The sandwich generation has it rough: they’re juggling their finances, helping out their kids AND taking care of their elderly parents. In this article, we’re just focusing only on the elderly parents the adult children are trying to look after. We’ve written a lot in the past about the importance of taking care of your loved ones, including your elderly parents.

Parents may be reluctant to have a discussion on their financial matters. One place to start is having a frank discussion with your (elderly) parents about their finances. Their finances, bank accounts, offering advice, etc. A thorough look into their finances to offer support and advice can be useful. Offer advice, but don’t take over their finances. It is also important to be aware of their professional contacts: their attorney, doctor, insurance agents, financial advisors, etc. Also note that if you have siblings who can help, how the responsibilities will be divided up. If one sibling lives closer, can they shoulder responsibilities during the week, and if you live farther, can you take over other responsibilities during the weekend? Although it’s rarely discussed anymore, children may want to look at having their parents move into an inter-generational household, and help your parents out that way. 

 The following article is a good way to get started

A Last Will and Testament is an important legal document that many don’t think about drafting until they are on their death bid (or just about to take a vacation). A Will is an important document which ensures that your loved ones get access to your estate, assets, etc., when you die. For most of us, that is. Celebrities, who have provided for their loved ones, are taking a different track: they are leaving everything to either charities of their choice, or (weirdly enough) dispensing everything to their pets (like Leona Helmsley or Karl Lagerfeld). Who is going to properly take care of their pets, unless it’s s a loved one doing the care? Lagerfeld left behind $3 million to his cat, and Helmsley left a whopping $12 million-dollar fortune to the care of her dog, Trouble. How long do pets live, and do they need that amount of money to take care of their needs?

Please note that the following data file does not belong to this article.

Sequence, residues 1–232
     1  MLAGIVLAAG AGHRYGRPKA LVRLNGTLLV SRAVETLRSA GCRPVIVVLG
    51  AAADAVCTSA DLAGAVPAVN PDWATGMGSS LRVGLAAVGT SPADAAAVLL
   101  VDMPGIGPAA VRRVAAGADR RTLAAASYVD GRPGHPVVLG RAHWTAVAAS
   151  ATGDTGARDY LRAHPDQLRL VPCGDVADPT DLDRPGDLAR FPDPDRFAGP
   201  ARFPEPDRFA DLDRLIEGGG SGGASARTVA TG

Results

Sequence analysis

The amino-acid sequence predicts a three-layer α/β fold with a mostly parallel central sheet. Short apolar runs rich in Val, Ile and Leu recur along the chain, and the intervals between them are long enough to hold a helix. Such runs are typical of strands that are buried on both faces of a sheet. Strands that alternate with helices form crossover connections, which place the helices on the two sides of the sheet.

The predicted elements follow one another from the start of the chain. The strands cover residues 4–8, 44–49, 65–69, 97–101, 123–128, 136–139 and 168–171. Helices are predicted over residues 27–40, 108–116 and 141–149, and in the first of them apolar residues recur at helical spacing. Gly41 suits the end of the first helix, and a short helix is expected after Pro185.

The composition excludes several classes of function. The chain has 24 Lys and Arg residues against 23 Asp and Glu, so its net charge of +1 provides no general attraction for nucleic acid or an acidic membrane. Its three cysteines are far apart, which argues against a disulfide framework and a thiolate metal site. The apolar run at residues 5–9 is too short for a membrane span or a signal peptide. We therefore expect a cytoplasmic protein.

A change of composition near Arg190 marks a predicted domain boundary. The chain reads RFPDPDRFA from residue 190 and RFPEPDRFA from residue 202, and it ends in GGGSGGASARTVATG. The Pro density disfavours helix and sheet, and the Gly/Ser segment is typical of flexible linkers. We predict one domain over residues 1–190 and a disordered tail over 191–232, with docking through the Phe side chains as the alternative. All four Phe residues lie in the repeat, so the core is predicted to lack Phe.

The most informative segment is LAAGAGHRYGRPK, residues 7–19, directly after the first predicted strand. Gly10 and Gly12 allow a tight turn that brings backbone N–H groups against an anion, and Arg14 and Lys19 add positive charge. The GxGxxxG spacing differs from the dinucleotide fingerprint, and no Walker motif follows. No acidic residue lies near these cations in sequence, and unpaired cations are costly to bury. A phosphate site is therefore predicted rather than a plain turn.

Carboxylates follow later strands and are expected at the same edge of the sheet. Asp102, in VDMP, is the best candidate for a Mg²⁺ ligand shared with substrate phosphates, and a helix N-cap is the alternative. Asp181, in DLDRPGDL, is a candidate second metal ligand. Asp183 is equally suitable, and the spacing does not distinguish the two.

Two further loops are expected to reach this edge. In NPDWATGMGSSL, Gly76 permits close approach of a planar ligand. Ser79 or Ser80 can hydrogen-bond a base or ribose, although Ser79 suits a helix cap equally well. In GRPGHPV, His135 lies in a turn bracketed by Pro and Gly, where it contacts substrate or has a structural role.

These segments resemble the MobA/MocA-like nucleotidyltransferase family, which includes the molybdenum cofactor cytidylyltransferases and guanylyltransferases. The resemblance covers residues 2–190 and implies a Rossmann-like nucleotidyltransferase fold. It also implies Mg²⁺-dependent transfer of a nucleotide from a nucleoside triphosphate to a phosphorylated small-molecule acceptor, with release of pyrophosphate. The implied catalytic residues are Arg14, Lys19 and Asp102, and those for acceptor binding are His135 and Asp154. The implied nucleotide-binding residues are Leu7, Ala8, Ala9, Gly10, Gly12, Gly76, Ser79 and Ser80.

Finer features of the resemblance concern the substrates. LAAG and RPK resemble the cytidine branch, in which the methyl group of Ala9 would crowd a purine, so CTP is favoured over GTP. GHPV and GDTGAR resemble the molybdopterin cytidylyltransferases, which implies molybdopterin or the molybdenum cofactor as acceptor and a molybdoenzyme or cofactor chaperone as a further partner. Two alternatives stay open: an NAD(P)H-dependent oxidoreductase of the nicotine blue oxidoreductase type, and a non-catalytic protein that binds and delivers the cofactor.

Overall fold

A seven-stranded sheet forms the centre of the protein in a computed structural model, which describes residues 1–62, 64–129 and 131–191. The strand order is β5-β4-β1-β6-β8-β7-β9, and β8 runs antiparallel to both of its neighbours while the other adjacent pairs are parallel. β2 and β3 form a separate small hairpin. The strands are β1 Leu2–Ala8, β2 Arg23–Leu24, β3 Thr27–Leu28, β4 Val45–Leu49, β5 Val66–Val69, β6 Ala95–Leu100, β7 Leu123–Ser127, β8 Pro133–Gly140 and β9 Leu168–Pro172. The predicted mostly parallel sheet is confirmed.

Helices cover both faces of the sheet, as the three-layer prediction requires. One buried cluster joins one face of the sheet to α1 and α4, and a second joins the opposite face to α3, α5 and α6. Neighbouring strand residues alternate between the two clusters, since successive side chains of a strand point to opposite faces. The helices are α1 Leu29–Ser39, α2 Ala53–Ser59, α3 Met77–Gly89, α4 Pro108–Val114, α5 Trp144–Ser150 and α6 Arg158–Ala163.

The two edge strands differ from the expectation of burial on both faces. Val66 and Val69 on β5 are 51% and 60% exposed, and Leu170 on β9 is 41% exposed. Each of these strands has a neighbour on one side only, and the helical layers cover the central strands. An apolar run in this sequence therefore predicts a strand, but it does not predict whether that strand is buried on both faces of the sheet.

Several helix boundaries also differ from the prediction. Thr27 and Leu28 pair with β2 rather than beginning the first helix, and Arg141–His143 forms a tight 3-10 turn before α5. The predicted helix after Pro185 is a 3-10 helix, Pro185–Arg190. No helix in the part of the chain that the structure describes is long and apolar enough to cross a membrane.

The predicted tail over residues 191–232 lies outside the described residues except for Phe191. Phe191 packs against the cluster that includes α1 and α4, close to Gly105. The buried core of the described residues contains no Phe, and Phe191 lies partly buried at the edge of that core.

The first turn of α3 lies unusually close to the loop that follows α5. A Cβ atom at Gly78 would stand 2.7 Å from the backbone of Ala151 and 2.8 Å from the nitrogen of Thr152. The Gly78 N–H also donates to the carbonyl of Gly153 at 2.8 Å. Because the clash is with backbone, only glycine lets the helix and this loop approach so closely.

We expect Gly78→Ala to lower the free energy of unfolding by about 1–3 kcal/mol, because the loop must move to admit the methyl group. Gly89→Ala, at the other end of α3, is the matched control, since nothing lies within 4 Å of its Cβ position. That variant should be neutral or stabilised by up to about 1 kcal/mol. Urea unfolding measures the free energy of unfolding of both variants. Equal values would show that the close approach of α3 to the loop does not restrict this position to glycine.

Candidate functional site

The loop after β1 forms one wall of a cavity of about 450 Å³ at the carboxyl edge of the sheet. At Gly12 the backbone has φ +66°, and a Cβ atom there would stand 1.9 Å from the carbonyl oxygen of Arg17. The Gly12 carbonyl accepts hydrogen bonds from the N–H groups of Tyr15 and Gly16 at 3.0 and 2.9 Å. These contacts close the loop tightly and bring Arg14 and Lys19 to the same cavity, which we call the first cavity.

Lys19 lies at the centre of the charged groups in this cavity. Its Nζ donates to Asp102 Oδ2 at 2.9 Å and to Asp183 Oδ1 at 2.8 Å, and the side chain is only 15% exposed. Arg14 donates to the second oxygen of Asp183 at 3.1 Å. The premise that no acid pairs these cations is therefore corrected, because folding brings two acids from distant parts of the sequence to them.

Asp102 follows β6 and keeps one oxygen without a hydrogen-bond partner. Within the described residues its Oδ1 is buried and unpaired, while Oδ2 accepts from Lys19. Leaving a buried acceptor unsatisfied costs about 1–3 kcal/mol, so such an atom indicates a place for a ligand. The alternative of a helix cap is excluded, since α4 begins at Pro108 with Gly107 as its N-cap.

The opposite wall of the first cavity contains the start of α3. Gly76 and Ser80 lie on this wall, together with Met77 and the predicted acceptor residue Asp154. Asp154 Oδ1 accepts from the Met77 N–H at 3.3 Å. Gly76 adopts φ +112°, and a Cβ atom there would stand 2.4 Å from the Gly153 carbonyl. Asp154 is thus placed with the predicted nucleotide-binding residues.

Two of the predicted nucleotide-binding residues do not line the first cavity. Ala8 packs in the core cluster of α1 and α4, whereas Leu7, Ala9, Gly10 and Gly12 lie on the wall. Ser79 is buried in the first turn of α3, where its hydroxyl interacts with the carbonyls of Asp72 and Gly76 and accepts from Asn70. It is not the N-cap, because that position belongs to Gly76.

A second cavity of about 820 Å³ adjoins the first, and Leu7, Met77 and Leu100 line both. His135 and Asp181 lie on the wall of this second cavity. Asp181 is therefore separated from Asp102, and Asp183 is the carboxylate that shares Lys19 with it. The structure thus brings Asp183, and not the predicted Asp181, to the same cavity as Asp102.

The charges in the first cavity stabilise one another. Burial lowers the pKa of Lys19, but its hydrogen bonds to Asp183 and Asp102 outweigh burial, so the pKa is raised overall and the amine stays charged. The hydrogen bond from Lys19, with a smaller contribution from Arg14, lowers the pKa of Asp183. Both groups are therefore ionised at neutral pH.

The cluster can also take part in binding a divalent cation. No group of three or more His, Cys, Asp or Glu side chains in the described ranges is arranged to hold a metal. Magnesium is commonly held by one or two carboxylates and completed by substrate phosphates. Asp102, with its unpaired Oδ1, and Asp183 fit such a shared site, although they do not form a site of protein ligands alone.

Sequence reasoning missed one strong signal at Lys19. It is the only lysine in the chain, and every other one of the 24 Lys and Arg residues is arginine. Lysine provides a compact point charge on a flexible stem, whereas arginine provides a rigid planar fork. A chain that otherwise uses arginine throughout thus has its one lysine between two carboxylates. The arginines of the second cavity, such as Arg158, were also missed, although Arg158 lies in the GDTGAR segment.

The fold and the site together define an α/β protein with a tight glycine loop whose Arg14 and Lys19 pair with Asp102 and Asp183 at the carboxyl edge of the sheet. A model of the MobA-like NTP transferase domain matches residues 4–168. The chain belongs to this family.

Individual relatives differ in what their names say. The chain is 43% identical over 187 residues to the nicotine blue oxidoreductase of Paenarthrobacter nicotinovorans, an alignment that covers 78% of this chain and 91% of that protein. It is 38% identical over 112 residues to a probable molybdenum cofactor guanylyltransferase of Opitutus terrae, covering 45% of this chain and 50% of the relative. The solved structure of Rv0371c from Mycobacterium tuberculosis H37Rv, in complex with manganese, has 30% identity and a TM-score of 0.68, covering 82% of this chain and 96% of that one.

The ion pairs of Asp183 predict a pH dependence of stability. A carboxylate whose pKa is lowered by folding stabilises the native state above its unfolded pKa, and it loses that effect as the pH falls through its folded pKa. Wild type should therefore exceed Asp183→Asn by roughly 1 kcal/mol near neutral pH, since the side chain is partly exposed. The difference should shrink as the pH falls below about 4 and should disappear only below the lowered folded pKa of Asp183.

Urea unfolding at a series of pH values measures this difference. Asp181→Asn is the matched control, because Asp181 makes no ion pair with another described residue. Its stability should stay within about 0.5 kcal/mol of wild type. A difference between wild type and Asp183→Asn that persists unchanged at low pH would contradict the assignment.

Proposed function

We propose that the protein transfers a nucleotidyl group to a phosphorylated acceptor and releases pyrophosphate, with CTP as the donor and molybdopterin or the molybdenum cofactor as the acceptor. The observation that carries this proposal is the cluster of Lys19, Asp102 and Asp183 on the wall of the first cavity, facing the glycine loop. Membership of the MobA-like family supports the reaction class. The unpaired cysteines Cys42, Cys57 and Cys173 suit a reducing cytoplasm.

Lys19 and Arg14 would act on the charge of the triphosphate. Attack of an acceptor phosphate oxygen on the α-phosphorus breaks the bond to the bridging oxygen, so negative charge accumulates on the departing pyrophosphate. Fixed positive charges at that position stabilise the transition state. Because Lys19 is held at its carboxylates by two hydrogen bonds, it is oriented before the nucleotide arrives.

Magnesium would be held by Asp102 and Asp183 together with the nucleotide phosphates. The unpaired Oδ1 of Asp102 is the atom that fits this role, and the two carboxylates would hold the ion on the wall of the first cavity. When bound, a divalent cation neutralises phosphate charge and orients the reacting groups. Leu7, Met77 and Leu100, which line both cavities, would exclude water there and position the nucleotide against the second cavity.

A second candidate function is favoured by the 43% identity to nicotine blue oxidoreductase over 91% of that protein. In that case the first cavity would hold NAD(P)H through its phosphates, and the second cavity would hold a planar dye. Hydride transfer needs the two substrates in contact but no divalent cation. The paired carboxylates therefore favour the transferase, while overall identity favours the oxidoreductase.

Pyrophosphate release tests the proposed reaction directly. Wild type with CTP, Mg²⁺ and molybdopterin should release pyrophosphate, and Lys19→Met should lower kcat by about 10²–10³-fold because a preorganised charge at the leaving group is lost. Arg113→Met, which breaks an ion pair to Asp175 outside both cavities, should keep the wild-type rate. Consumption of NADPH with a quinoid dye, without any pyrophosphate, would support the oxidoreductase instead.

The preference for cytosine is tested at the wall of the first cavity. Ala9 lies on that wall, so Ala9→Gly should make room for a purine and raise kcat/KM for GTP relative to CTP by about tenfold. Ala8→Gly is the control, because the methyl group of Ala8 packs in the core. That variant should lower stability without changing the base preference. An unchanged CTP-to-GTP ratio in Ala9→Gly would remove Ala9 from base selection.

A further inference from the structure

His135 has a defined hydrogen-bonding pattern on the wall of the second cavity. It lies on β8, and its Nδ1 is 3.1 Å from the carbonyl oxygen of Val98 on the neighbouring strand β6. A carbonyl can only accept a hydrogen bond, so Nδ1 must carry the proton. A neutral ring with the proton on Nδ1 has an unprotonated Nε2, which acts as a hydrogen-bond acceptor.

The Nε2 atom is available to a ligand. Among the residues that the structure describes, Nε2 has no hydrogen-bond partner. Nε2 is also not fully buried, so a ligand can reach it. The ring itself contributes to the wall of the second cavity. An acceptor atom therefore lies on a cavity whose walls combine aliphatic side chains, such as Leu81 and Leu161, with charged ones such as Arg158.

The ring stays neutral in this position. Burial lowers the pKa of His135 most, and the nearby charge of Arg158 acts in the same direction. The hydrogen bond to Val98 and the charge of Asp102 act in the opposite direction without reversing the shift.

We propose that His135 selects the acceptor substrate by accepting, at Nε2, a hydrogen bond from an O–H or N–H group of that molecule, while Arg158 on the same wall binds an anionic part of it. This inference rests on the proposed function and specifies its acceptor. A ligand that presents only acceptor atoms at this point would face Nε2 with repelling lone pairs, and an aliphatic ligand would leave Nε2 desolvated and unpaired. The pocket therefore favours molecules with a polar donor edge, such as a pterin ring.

Simon Cowell is the recognizable (grumpy) face of American Idol. The dour Brit has a reputation of making potential singers cry on television, and his rudeness is part of the success of American Idol. Cowell is also a record executive but his claim to fame is the show. He’s no different than the other celebrities we’ve mentioned in this regard: he’s leaving his fortune to charity and not to his son, Eric. Simon Cowell is the recognizable (grumpy) face of  the television show “America’s Idol.” Cowell rose to fame as a judge on the syndicated television show and it has no doubt contributed to his large fortune. What does Cowell plan to do with his fortune when passes away? It turns out that Cowell is a huge dog lover. Much like other celebrities, Cowell isn’t leaving his money behind to his children. Instead, Cowell plans to leave behind a whopping $26 million to several dog shelters. You can read more about this here